This is a key course in the MA-EL program, where we will be led by questions such as: How do I make sense of my own experience as a practitioner? How do I learn from my experience? And how do I give attention to what matters most?

In this course we will draw on the critical reflective practices of other practitioners, equip participants with the methodological tools of qualitative researchers, and cultivate an attitude of attentiveness informed by the approach to practice taken by phenomenologists—becoming philosophically skillful students of our own lived human experience In doing this course together, we will become more observant participants in our lifeworlds and strengthen our capacity as reflective practitioners in our professions and in our scholarship.

While the focus of this course is on applying research craft to professional practice, the course is also an introduction to graduate level qualitative research and to key perspectives from phenomenological philosophy... [syllabus and more]

*Please note that this course will have both synchronous (meeting periodically at designated times through Zoom) and asynchronous (Google Classroom forum engagement or assignments) aspects to its format. Consult the course catalogue and syllabus for details about meetings and assignment expectations.

Pragmatism, Race, and Religion: Du Bois, West, and Glaude

(ICS 120501/220501 F21; ICT3771HF/ICT6771HF L9101)

Thursdays @ 10:00am - 1:00pm Eastern

with Ronald A. Kuipers

This course will explore the work of key Black thinkers in the philosophical tradition of American Pragmatism, paying particular attention to the unique way their reflection upon racialized experience shapes and augments key themes within this thought tradition. How might the strain of tragedy and absurdity sounded by Black pragmatists inflect the sense of meliorism and hope for which American Pragmatism is well known? In pursuing this question, the course will pay particular attention to the differing religious pasts of white and black America and ponder these thinkers' understanding of the relevance and complicatedness of Black religious experience in our racially divided era... [more info here]

The Radical Theopoetics of John D. Caputo

(ICS 150907/250907 F21)

Wednesdays @ 2:00 - 5:00pm Eastern

with James Olthuis

This seminar will explore John D. Caputo’s Theopoetics, a "weak theology" of narratives, prayers and praise in response to the call of God in contrast to a "strong" theology of predicative claims about the existence and nature of God. Situated at the interface between deconstruction and the religion, Theopoetics is a radical alternative to both classical theism and classical atheism... [see more]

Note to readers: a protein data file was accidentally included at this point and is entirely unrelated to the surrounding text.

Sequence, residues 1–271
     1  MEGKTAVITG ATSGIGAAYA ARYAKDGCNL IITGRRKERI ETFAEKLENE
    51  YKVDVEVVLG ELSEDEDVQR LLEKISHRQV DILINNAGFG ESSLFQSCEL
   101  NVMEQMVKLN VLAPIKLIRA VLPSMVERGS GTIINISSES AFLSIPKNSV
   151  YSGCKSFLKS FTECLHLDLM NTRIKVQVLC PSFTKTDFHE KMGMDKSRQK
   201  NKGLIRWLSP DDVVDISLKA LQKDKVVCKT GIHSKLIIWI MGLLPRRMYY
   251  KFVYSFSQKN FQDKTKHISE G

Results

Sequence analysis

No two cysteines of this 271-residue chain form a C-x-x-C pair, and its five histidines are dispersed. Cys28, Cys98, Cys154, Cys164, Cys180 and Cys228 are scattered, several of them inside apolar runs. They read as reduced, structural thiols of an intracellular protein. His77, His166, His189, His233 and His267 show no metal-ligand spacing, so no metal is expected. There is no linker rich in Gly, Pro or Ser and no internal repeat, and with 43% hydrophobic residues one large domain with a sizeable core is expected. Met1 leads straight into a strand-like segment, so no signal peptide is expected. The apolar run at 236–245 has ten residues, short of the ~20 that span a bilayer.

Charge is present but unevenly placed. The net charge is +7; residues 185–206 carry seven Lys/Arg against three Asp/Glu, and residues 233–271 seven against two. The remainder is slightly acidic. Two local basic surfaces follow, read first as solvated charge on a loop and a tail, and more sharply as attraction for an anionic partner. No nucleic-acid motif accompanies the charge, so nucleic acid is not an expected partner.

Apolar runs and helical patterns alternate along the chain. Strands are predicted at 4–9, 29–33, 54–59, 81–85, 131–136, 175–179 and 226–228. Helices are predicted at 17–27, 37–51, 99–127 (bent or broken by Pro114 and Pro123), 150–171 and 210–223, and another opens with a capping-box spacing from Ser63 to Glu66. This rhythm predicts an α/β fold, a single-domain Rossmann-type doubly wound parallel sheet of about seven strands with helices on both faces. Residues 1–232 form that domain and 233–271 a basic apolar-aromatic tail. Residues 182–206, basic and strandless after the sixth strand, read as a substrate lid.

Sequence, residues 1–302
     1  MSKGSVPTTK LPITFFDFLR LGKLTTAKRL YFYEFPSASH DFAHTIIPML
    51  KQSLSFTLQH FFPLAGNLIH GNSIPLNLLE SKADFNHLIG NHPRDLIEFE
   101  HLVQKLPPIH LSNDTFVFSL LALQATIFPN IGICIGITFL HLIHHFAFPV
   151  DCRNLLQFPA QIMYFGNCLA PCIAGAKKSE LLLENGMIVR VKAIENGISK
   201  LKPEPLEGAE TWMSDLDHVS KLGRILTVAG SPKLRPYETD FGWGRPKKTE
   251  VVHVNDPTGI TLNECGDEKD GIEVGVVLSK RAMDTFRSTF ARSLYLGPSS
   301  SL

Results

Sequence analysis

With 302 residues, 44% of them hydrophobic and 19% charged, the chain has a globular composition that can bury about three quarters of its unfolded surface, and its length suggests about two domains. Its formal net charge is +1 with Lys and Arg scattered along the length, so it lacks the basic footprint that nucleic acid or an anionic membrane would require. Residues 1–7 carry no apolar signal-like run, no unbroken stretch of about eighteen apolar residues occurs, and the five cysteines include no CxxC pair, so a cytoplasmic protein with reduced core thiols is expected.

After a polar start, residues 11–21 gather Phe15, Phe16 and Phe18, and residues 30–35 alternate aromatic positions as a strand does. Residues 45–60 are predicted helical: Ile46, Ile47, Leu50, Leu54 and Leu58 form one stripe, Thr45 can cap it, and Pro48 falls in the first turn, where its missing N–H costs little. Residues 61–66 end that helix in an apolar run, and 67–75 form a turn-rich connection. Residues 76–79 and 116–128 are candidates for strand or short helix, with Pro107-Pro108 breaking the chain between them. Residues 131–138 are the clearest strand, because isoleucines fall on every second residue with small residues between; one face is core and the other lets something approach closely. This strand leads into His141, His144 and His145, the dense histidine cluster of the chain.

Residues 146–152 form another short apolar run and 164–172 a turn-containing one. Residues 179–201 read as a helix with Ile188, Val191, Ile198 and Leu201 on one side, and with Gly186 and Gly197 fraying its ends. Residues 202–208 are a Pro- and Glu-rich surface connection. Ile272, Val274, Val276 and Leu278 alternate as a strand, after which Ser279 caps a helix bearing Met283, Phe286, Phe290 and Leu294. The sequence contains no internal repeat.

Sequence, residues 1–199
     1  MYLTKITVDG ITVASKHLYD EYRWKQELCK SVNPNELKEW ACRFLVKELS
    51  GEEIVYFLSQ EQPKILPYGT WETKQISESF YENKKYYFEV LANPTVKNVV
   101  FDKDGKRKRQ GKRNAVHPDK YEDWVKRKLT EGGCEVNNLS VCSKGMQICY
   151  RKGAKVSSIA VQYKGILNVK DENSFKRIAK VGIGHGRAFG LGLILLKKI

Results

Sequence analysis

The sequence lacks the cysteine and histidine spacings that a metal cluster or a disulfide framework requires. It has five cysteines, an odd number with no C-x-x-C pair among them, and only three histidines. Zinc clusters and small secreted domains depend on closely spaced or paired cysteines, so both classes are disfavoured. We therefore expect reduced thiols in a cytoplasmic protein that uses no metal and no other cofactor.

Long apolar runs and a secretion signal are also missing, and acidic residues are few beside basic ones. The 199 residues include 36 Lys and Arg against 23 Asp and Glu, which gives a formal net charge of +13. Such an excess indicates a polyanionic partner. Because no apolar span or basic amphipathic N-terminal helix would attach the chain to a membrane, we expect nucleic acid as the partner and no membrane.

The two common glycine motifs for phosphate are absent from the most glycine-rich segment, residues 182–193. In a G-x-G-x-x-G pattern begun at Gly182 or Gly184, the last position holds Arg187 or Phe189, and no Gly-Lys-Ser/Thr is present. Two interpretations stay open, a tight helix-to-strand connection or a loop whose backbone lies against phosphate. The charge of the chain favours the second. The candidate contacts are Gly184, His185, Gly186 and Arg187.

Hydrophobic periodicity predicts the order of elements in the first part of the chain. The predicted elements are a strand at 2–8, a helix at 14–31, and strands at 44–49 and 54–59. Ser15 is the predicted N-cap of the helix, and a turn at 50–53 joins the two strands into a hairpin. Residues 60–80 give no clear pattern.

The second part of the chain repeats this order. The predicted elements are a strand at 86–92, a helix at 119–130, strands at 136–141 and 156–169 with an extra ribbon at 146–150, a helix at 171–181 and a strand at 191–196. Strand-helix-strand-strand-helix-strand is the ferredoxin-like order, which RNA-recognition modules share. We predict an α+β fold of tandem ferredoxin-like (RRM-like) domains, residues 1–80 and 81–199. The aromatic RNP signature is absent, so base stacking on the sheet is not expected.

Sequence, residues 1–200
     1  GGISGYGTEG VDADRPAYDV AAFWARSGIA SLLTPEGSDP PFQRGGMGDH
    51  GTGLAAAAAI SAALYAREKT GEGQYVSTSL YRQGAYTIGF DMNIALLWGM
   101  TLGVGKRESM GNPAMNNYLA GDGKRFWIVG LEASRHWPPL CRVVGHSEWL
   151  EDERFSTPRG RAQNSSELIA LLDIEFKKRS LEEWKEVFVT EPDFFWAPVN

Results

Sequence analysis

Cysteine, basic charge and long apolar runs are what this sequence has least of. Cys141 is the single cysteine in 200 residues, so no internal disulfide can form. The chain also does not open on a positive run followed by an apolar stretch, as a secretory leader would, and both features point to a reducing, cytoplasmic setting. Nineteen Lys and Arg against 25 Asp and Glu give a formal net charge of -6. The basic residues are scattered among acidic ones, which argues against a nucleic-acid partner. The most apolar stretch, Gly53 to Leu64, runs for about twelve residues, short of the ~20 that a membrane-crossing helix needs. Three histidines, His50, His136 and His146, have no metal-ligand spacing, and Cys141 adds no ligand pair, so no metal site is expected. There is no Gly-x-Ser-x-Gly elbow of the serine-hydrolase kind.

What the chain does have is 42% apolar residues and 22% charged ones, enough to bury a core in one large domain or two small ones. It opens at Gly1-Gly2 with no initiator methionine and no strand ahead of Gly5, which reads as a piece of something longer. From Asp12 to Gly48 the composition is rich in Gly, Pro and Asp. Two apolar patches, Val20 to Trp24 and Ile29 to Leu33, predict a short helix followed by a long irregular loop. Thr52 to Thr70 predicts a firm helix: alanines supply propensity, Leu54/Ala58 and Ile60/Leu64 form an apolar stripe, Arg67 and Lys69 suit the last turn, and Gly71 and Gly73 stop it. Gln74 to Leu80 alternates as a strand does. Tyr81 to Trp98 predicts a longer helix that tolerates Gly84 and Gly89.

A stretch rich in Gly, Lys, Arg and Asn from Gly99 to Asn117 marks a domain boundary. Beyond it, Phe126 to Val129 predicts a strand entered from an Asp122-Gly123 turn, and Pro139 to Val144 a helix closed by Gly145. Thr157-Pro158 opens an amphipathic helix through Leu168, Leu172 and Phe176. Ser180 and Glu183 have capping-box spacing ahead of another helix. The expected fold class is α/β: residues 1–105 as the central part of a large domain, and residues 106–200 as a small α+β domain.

With/Out Reason: Art and Imagination in the Western Tradition

(ICS 120106/220106 F21; ICH5752HF L0101)

Wednesdays @ 10:00am - 1:00pm Eastern

with Rebekah Smick

Today the imagination occupies an august, if ill-defined, place in the popular mindset. While we might at some level link the imagination to the arts, its capacities for innovation are thought to span all human creative endeavours across the arts and sciences. In Western society today, thinking imaginatively, or outside the box, is a deeply revered feature of our strongly individualistic culture. Yet, until the eighteenth century, the products of human imagination were understood to be unavoidably communal insofar as they were thought to generate certain palpable effects. For good or ill, works of the imagination were expected to aesthetically impact all those who encountered them. They were never simply the result of abstract thought processes that functioned at a level beyond expected norms. Rather, imaginative inventions were governed by an understanding of the imagination in its most ordinary sense as that which creates mental images.

This course will examine the consequences of this understanding of the imagination for the Western tradition and how it has led to where we are today. Through an investigation of key philosophical and theological texts (e.g. Plato, Aristotle, Augustine, Kant, Schelling, Coleridge, Derrida) as well as works of art (e.g. Shakespeare, Blake, Wordsworth), it will look at the place of image and imagination in a variety of forms of cognition from the ‘objective’ world of phenomenon to the ‘inobjective’ world of the highest truths. It will consider the traditional place of imagination in ethical theory. And it will clarify the inextricability of the arts and artistry from this history as well as offer points of departure for a theory of imagination today... [more here]

Want to join a course?

Please email our Registrar, Elizabet Aras, at academic-registrar@icscanada.edu to register today!